Local maxima and the fallacy of jumping to fixed-points

An economist and a computer scientist are walking through the University of Chicago campus discussing the efficient markets hypothesis. The computer scientist spots something on the pavement and exclaims: “look at that $20 on the ground — seems we’ll be getting a free lunch today!”

The economist turns to her without looking down and replies: “Don’t be silly, that’s impossible. If there was a $20 bill there then it would have been picked up already.”

This is the fallacy of jumping to fixed-points.

In this post I want to discuss both the importance and power of local maxima, and the dangers of simply assuming that our system is at a local maximum.

So before we dismiss the economist’s remark with laughter, let’s look at a more convincing discussion of local maxima that falls prey to the same fallacy. I’ll pick on one of my favourite YouTubers, THUNK:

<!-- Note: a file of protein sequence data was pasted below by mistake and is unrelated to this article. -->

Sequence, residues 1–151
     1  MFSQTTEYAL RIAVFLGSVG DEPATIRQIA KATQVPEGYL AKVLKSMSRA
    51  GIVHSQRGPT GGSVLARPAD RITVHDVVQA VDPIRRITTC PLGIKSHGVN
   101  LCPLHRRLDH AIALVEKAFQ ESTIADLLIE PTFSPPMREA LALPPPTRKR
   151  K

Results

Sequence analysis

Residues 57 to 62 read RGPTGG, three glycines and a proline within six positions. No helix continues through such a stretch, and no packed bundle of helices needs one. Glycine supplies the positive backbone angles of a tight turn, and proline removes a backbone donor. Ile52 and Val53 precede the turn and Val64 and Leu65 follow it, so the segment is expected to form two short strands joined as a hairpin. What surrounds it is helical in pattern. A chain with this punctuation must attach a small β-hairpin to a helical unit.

In his video, THUNK discusses a wide range of local maxima and contrasts them with the intended global maximum (or more desired local maxima). He first considers a Roomba vacuum cleaner that is trying to maximize the area that it cleans but gets stuck in the local maximum of his chair’s legs. And then he goes on to discuss similar cases in physics, chemisty, evolution, psychology, and culture.

It is a wonderful set of examples and a nice illustration of the power of fixed-points.

But given that I write so much about algorithmic biology, let’s focus on his discussion of evolution. THUNK describes evolution as follows:

Evolution is a sort of hill-climbing algorithm. One that has identified local maxima of survival and replication.

This is a common characterization of evolution. And it seems much less silly than the economist passing up $20. But it is still an example of the fallacy of jumping to fixed-points.

My goal in this post is to convince you that THUNK describing evolution and the economist passing up $20 are actually using the same kind of argument. Sometimes this is a very useful argument, but sometimes it is just a starting point that without further elaboration becomes a fallacy.

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